Let’s put this out there first: Faraday Future is not “vaporware.” This comes up every time we mention the company, and it’s simply not accurate. There’s no doubt that they are over-hyping their products for a company at this stage of development, but they also have over 1,000 employees–most of them engineers–working on real electric vehicle technologies, and that’s not vaporware.
We have reported on some top talent from Tesla, Apple and more traditional automakers going to the startup. Most of the power electronic team of the GM EV1 went to Faraday Future. All those people are developing real tech. It’s dismissing to call their work “vaporware,” but some clear mismanagement at the top is certainly putting their work at risk, and that’s a real problem for the EV industry.
Recent reports suggest that the company is in debt and that the money from Jia Yueting, a Chinese billionaire and FF’s main financier, has stopped coming. Buzzfeed reviewed documents suggesting the company is about $300 million in debt and suppliers are now suing the company. We’ve talk to suppliers who are also questioning the company’s ability to pay them.
There’s a bigger point here. When an electric vehicle company fails, it looks bad for the entire industry regardless of the circumstances that led to the failure. It’s unfortunate, but true.
In 2013, the bankruptcy of a few startups, namely Fisker, A123, and Better Place, spooked the investment community and virtually stopped money from going into EV ventures. It took a few years for money to start flowing back into the segment; it’s now at a record high in 2016.
On a broader note, if Faraday Future craters, it will become a talking point of fossil fuel-funded politicians just like Solyndra’s bankruptcy, which hurt the solar industry – even though Faraday isn’t taking any money from the government beyond perspective tax breaks on its plant in Nevada. Fossil fuel talking heads wouldn’t let a detail like that stop them from declaring the end of the electric car and a rationale for removing incentives and even taxing EVs.
When Yueting announced his investments in electric vehicle startups Faraday Future and Atieva, now known as Lucid Motors, he mentioned how important the sector will be to fight climate change and reduce air pollution, especially in his home country.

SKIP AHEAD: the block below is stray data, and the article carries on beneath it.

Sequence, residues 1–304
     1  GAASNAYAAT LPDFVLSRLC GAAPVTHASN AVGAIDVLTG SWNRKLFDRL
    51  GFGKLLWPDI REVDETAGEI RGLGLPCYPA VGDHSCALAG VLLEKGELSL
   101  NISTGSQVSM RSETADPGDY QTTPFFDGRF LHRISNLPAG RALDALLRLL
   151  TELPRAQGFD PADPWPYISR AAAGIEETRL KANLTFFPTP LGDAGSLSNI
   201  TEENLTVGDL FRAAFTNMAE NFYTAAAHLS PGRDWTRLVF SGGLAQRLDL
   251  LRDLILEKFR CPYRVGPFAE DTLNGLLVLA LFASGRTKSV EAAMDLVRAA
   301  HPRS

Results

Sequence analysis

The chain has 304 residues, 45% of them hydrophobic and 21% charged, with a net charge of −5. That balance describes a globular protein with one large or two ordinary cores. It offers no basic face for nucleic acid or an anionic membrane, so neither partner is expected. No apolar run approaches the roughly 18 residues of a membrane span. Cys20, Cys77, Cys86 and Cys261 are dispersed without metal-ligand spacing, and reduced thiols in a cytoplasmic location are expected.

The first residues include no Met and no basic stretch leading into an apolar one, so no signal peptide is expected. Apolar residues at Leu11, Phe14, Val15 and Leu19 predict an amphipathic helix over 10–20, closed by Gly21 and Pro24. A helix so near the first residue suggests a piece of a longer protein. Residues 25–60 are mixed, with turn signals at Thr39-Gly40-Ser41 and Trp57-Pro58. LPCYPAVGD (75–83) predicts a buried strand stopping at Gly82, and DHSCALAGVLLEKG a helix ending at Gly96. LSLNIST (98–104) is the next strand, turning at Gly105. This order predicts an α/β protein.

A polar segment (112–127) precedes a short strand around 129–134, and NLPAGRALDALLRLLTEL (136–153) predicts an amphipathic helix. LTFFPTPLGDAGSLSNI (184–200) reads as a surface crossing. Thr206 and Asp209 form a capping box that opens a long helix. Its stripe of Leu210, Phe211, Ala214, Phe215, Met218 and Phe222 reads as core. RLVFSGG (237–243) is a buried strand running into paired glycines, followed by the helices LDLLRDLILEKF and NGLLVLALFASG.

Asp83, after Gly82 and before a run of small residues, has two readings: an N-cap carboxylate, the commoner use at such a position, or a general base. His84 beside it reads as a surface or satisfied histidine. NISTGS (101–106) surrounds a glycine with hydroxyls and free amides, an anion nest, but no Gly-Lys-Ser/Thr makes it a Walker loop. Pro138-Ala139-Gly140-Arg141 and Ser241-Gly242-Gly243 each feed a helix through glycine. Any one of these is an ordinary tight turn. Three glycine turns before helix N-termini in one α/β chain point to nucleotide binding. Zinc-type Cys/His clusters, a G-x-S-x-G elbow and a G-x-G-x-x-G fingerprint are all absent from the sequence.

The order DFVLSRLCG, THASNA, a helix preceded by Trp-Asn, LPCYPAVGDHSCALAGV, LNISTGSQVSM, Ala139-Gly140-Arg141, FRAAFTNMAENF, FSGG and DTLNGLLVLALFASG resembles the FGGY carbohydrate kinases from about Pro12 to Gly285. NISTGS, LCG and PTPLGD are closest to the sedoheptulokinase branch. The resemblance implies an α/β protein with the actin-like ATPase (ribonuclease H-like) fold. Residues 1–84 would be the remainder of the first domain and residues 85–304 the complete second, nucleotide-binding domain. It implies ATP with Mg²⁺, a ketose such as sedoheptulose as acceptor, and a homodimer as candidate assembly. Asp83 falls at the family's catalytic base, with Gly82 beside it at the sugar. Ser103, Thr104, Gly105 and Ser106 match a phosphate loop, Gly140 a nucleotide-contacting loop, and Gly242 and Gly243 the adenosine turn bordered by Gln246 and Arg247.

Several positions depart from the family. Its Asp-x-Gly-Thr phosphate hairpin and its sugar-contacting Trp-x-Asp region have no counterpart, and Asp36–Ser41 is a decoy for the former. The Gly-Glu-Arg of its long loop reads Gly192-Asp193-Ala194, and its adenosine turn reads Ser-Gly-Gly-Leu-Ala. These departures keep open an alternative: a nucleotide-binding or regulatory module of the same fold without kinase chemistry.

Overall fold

If he wants to keep his credibility and continue to be a leader in the effort to move to electric powered transportation, he needs to bail out Faraday Future right now.
Yueting announced that he secured around $600 million in financing for his electric vehicle ventures last month, but the money clearly hasn’t made its way to Faraday Future yet. The money technically is going to LeEco, Yueting’s main company, which has been described as the “Netflix of China,” but it has also branched out into consumer electronics.
LeEco is also working on an electric car, but the way it was described to us by company insiders is that Faraday Future is the one developing the technology and LeEco will be the brand in China – not unlike what most foreign automakers are doing in China, or what GM is doing with Opel in Europe.
They could be waiting for the company to unveil their first production-intent vehicle at CES next month and gauge the reaction before unlocking the money, but that’s far from a perfect plan. Partners are already walking away.
Tesla used its unveiling events to drum up demand and take reservations with deposits. In turn, it was able to go back to suppliers and secure contracts to bring those cars to production, but Faraday Future can not expect people to place reservations for their vehicles if the company is $300 million in debt and being sued by suppliers left and right.
Yueting should refinance Faraday Future right now, if he really can, and let the company sort out its debt before going into the unveiling at CES next month. Otherwise, even if the vehicle is a technological marvel, it will be dead on arrival.
Let Yueting know that if he is serious about electric vehicles, he needs to bail out Faraday Future. You can tweet at him @jiayueting and share this article.
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